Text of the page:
Originally from Wisconsin, Dr. Friedman attended the University of Chicago for his undergraduate degrees where he worked in the Kavli Institute for Cosmological Physics with Andrey Kravtsov by creating computional models of galactic cannibalism with the Sagittarius dwarf spheroidal galaxy and the Milky Way. For graduate school, he attended the Astronomy Department at the University of Wisconsin-Madison, first working for Linda Sparke working on local group galaxy dynamics, and then for Sebastian Heinz working on heating mechanisms of shock waves interacting with bubbles as it relates to AGN Feedback and the intergalactic medium (IGM). He next worked as a Systems Programmer on the HTCondor project in the Center for High Throughput Computing in the Computer Sciences Department at the University of Wisconsin-Madison. When he's not at work, he enjoys playing board games, reading maps, watching/riding trains, and competes in ballroom dancing.
Time in MMCL: October 2013-present
Ahmadreza (Farzin) Ghaffarizadeh, Ph.D., Postdoctoral Student
- Ph.D. in Computer Science, Utah State University, 2014
- M.S. in Software Engineering, Arak Azad University, 2010
- B.S. in Software Engineering, Shiraz University, 2007
Short bio and research interests
Hailing from Sirjan, Iran, Dr. Ghaffarizadeh studied software engineering at Shiraz University and later at Arak Azad University, where he earned his M.S. while researching a new efficient algorithm for quantitative trait loci mapping. During his Ph.D. work at Utah State University, he used computational models to study network dynamics driving cellular differentiation at smaller scales, and the role of intercellular interactions in morphogenesis at larger scales. Prior to defending his dissertation, he served as a research scholar at the Institute for Systems Biology, where he worked on multiscale modeling of glioma and immune interactions. Ghaffarizadeh's research interests lie in the development of computational and mathematical approaches for multiscale modeling of biological systems and analyzing large-scale data sets. His main hobbies center around food and soccer; therefore, if you can't find him at work, there is a high chance you find him in a restaurant or in a soccer field!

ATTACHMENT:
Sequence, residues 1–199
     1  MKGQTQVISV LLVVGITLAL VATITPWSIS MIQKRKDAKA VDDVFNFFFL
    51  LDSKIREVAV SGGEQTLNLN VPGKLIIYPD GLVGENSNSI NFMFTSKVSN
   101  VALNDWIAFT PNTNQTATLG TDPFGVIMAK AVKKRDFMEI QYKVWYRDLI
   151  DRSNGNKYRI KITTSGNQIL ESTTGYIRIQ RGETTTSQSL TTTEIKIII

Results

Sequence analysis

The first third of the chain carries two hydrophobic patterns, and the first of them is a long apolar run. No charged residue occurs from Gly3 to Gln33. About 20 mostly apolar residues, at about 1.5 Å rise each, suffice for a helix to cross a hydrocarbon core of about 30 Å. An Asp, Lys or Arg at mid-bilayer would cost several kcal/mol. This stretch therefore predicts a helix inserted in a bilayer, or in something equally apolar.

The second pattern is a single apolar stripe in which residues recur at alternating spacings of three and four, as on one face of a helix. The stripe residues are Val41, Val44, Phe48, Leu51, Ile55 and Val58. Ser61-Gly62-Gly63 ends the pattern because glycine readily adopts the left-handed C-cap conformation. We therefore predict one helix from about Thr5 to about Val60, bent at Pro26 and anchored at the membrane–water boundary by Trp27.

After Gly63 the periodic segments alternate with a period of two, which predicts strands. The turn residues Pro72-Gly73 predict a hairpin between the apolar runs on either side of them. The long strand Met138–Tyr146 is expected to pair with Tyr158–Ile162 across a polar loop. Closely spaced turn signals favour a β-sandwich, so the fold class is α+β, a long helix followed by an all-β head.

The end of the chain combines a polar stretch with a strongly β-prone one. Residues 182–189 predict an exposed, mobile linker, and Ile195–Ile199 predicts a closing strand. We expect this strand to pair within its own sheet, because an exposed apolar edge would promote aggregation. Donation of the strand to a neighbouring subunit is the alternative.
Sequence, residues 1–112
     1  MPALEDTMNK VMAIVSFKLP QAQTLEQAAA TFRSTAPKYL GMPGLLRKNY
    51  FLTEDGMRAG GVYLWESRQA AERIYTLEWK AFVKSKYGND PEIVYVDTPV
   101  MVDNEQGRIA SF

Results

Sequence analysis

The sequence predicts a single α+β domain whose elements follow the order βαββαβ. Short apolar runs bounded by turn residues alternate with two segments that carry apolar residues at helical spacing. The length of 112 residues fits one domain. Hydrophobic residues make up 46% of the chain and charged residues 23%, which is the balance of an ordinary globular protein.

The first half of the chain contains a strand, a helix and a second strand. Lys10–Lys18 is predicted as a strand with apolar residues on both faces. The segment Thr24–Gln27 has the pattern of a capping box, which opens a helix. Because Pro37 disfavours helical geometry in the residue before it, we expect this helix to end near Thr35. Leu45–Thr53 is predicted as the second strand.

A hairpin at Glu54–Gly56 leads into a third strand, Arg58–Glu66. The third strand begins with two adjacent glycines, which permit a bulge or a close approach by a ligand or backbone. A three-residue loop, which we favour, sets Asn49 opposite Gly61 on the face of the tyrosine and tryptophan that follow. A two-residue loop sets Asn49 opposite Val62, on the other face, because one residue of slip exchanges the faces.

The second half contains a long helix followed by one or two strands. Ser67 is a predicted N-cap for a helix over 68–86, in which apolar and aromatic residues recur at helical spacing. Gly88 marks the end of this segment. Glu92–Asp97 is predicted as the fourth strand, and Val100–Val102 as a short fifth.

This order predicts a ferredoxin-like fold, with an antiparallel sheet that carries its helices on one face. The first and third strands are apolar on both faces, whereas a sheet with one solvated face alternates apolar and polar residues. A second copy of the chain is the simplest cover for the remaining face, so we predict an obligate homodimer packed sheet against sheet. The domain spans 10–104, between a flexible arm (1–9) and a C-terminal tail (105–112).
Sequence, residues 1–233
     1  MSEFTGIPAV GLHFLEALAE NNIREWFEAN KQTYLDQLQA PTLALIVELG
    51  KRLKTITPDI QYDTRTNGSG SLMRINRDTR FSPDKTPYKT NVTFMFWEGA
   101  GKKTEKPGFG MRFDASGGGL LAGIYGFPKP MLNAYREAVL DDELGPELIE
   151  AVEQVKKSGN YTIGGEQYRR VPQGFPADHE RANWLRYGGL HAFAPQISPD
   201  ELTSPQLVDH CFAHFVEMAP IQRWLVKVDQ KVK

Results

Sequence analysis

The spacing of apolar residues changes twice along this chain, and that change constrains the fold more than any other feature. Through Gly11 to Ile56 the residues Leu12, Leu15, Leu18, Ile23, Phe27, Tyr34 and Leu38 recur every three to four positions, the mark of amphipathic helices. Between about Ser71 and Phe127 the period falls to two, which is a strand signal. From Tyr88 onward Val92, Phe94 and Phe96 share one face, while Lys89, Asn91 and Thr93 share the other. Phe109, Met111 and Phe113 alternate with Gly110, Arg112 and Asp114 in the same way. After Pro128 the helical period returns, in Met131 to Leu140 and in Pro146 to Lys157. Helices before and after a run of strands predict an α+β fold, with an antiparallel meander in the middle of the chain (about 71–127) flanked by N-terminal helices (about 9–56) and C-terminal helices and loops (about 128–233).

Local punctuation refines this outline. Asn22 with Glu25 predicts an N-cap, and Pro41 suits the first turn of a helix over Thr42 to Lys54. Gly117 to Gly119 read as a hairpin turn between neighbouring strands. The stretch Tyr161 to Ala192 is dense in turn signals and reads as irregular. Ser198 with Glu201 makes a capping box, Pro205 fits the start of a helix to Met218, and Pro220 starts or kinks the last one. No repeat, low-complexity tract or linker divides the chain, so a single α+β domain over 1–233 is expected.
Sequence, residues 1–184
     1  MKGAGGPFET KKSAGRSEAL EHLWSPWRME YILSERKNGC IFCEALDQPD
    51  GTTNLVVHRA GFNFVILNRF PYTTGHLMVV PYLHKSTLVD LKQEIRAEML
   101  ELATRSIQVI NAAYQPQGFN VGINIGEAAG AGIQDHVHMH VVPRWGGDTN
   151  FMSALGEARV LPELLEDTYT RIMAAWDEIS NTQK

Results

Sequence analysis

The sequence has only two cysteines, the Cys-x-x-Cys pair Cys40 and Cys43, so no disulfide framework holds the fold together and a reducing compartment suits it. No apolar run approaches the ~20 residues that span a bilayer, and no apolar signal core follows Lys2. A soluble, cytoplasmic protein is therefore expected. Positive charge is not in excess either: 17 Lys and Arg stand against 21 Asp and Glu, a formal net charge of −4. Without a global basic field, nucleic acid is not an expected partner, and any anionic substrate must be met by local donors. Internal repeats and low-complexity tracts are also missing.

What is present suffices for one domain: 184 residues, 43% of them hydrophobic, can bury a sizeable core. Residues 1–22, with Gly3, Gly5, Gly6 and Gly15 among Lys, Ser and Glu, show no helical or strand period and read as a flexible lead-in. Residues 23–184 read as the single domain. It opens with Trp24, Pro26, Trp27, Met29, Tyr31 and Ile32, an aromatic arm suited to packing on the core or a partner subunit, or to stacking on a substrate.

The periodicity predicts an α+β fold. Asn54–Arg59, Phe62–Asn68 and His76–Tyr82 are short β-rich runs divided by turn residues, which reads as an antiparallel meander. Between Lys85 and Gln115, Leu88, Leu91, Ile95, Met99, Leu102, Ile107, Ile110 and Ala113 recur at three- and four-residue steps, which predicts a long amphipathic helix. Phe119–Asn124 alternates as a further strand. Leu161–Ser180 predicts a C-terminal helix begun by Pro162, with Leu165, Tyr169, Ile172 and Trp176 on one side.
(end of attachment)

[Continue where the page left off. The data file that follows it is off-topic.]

Time in MMCL: August 2014-present
Edwin F. Juárez Rosales • Ph.D. student • electrical engineering (control systems group)
- M.S. in Electrical Engineering, University of Southern California, 2014
- B.S. in Electrical Engineering, ????, 20??
Short bio and research interests
Mr. Rosales is a Ph.D. student at the Ming Hsieh department of Electrical Engineering at USC, jointly advised by Edmond Jonckheere He was born and raised in El Salvador, and he earned his B.S. in EE from Texas A&M University. His research interest include developing a compartmental model for B-cell lymphoma and applying control theory to regulate the immune system. In his spare time, he loves traveling around the world to find churches to pray, mountains to hike, and places to dance salsa.
Time in MMCL: September 2012-present
Jasmine McAllister • B.A. neuroscience • B.S. mathematics, economics
Ms. McAllister is in her second year as an undergraduate neuroscience B.A. and economics / mathematics B.S. student. Her academic interests include biology, psychology, and mathematics. Outside of the classroom, she is involved in Undergraduate Student Government, leadership fraternity DOZ, and enjoys cooking and hiking.
Time in MMCL: May 2012-May 2013
Brian Shaw • B.S. student • biomedical engineering
Mr. Shaw is a third year student at the University of Southern California, majoring in Biomedical Engineering. From Rolling Hills, California, he has had an affinity for mathematics and the sciences, ever since he could remember. He enjoys applying his knowledge to help others and aspires to enter medical school. Mr. Shaw is part of the URAP-funded multidisciplinary team project to develop user-friendly 3-D computational cancer simulators. (more info here) In his spare time, he listens to classical music, rock, and electronica on top of hanging out with friends. Other hobbies include reading comics, playing the piano, surfing the web, and playing cards and board games.
Time in MMCL: June 2013-present